There were some other great characters in this book. I loved William, the gay father figure with a spine of steel, her best friend Jilly the oldest sister and wrangler to a million little brothers and sisters, and her mom who went through her own metamorphosis right along with her daughter. I understand why this book touched the hearts of so many people and received great reviews. ❤️❤️❤️❤️

Once and For All

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Copyright 2018 Deborah Kehoe The Reading Chick All Rights Reserved

Friday YA: Starry Eyes by Jenn Bennett

Starry eyes weaves the story of Zorie and Lennon. Two ex best friends who decided to take their relationship to the next level. Sounds pretty simple, right? It should be but family drama, miscommunication, and teenage emotions cause Zorie and Lennon’s relationship to shift from young love to not speaking. When the two of them get stranded camping they find their way out of the wilderness and back into each others hearts. I read very few teen romances but this story was very well done and I was intrigued by all of the different aspects of these characters. Zorie and Lennon were as unique as their names and Jenn Bennett’s Starry Eyes an intelligently written vehicle for their story.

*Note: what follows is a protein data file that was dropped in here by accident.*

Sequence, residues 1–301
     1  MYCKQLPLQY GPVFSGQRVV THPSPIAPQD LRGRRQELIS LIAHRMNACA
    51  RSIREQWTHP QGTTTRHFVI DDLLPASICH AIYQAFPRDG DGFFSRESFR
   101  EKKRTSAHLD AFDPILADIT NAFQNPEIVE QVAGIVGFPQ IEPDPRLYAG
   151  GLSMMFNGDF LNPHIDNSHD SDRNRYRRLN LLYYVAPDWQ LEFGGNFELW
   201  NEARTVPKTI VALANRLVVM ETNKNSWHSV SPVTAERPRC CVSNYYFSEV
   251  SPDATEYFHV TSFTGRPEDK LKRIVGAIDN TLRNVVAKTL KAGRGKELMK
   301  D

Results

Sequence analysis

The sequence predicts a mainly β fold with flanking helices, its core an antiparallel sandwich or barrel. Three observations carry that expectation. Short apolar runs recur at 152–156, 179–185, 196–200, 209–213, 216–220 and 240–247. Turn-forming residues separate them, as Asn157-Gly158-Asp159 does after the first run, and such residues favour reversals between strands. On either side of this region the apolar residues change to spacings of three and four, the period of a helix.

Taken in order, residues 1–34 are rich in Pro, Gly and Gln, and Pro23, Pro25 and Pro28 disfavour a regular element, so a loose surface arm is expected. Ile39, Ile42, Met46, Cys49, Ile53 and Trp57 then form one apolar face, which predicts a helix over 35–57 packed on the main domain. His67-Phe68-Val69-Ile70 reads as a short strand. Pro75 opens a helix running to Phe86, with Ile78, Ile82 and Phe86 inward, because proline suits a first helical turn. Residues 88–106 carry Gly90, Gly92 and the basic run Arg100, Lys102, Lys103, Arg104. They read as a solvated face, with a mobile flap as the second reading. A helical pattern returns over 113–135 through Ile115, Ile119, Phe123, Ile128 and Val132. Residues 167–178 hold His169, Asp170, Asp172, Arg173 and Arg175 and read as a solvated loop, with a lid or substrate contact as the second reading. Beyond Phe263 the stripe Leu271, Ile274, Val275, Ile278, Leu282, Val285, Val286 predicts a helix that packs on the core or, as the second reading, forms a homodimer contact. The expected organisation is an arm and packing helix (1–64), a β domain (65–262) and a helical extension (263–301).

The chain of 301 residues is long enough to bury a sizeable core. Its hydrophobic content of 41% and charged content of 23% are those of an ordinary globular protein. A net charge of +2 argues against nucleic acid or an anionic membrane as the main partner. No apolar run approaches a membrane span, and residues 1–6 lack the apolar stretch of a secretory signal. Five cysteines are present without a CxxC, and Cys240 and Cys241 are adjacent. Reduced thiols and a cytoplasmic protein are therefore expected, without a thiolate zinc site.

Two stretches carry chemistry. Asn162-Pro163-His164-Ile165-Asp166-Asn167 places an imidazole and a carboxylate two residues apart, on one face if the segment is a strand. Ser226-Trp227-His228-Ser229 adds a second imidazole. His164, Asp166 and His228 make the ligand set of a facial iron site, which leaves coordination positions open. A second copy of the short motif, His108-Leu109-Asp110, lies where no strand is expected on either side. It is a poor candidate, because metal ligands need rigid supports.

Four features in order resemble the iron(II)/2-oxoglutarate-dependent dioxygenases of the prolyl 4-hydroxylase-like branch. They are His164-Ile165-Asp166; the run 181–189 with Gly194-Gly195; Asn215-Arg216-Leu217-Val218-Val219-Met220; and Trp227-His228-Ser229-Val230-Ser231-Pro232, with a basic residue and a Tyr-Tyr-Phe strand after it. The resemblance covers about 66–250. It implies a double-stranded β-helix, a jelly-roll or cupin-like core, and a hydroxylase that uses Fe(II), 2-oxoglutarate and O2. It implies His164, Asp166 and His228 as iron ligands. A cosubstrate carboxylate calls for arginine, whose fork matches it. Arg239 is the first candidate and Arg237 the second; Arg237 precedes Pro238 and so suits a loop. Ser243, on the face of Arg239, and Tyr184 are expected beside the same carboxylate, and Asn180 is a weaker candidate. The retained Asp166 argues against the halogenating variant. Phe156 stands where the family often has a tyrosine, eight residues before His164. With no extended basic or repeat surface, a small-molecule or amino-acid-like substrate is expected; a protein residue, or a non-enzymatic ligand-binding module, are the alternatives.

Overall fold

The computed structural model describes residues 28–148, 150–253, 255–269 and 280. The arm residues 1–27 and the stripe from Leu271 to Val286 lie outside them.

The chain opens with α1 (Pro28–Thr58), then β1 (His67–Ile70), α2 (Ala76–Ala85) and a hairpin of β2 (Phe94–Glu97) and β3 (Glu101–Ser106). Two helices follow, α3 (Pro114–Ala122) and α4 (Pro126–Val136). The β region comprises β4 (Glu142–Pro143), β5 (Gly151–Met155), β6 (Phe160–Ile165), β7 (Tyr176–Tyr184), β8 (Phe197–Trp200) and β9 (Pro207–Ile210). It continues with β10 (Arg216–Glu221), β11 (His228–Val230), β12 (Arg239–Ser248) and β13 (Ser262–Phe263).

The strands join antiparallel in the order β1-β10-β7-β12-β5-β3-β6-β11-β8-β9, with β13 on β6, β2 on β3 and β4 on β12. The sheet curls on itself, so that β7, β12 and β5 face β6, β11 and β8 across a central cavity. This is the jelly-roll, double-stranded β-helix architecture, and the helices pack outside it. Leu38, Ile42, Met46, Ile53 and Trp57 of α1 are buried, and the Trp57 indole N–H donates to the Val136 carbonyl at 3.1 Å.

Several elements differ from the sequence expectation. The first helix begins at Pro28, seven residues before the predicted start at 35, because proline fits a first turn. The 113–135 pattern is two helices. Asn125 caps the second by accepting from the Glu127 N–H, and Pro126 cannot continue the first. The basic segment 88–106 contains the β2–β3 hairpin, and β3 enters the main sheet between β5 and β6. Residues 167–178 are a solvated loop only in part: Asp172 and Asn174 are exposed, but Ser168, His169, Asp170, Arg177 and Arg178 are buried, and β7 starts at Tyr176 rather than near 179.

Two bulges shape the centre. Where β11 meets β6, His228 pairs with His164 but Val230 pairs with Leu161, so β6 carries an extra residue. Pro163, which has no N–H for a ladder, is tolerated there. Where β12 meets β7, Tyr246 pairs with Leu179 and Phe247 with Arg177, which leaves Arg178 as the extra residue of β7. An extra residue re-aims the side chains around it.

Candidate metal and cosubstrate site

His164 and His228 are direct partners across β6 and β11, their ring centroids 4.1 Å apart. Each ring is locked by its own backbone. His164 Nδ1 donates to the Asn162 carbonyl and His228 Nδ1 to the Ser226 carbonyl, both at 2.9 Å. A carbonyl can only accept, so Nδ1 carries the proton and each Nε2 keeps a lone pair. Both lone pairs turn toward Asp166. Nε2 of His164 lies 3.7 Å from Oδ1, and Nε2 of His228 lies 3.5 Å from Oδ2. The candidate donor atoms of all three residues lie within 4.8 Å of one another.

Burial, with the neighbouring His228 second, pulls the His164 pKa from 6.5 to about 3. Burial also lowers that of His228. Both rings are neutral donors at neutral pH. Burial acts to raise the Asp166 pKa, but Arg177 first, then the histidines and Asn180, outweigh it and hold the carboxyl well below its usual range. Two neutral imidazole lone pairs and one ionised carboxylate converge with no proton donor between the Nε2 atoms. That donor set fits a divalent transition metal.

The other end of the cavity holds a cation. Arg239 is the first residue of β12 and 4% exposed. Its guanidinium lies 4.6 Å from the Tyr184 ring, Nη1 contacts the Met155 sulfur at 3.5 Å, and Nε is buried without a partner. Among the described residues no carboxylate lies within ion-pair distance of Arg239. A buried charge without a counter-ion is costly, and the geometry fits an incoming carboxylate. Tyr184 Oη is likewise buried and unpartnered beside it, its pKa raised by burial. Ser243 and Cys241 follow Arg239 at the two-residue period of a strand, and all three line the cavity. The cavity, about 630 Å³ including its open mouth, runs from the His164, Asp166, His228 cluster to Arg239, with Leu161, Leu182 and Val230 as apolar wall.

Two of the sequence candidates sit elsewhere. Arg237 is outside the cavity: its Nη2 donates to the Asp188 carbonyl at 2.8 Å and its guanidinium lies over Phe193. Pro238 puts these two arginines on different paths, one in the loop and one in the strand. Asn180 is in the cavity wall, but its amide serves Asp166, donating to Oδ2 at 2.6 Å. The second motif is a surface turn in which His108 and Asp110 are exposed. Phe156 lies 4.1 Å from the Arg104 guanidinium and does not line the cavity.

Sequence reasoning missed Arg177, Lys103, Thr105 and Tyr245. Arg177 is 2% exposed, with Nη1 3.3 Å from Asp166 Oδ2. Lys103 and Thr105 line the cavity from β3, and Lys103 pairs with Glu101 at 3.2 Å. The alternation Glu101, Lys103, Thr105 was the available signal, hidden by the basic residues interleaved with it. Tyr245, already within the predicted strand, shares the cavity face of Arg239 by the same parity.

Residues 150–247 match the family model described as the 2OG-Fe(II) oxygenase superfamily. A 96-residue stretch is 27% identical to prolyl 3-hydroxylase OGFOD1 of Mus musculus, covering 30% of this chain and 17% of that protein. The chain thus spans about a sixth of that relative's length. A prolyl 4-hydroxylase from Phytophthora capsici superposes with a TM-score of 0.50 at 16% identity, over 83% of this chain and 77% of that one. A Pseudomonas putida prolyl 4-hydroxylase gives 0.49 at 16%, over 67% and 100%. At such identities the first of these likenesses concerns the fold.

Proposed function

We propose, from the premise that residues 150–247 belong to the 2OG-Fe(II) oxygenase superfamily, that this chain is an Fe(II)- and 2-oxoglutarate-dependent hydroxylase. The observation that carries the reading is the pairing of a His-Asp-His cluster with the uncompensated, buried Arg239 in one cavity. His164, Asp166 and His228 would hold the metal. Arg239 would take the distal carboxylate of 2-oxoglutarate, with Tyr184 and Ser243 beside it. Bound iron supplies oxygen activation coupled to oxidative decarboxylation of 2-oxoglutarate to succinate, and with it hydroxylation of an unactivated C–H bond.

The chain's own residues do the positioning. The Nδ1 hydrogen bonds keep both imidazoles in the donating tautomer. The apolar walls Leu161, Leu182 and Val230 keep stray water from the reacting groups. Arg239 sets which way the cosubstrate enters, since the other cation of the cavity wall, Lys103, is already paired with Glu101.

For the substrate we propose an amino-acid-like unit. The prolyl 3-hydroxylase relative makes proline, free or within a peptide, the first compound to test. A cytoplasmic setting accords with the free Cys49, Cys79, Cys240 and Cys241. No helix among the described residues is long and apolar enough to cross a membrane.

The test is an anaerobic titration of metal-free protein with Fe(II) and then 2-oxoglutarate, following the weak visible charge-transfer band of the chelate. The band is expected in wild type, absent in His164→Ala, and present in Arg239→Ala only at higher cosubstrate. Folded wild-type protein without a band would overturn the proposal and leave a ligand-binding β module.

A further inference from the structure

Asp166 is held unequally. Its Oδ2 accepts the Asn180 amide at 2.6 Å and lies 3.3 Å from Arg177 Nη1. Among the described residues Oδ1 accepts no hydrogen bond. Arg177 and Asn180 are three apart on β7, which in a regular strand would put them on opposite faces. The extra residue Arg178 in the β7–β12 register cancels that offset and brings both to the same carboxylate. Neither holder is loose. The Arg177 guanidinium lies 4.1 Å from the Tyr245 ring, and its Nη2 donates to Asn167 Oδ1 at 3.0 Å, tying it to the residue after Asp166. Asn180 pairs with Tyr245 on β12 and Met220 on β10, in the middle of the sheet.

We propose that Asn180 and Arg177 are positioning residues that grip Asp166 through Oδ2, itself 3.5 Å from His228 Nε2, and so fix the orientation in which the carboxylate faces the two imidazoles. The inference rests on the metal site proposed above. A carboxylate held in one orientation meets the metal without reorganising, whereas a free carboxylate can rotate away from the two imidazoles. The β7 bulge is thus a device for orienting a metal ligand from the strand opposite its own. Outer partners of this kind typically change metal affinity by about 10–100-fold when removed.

This was my first Jenn Bennett novel and was rather surprised by the adult subject matter. Lennon has been raised by two moms who own an adult sex shop. As wild and crazy as that may sound the scenes in the shop were subtle yet filled with humor. Most of the early emotional drama came from Zorie’s father who hates Lennon and his parents. As the novel goes on we are clued into the why’s and wherefore’s but in the beginning this hatred seems filled with bigotry.  Zorie’s emotional growth is displayed by the way she deals with her father and his irrational anger and marital problems with her step mother. Also, I feel I should give a warning, the teens in this book are all sexually active which I guess is not uncommon today but I found myself trying to double check their ages a couple of times. At times I forgot I was reading a YA novel, so if you have kids, be aware of the adult content.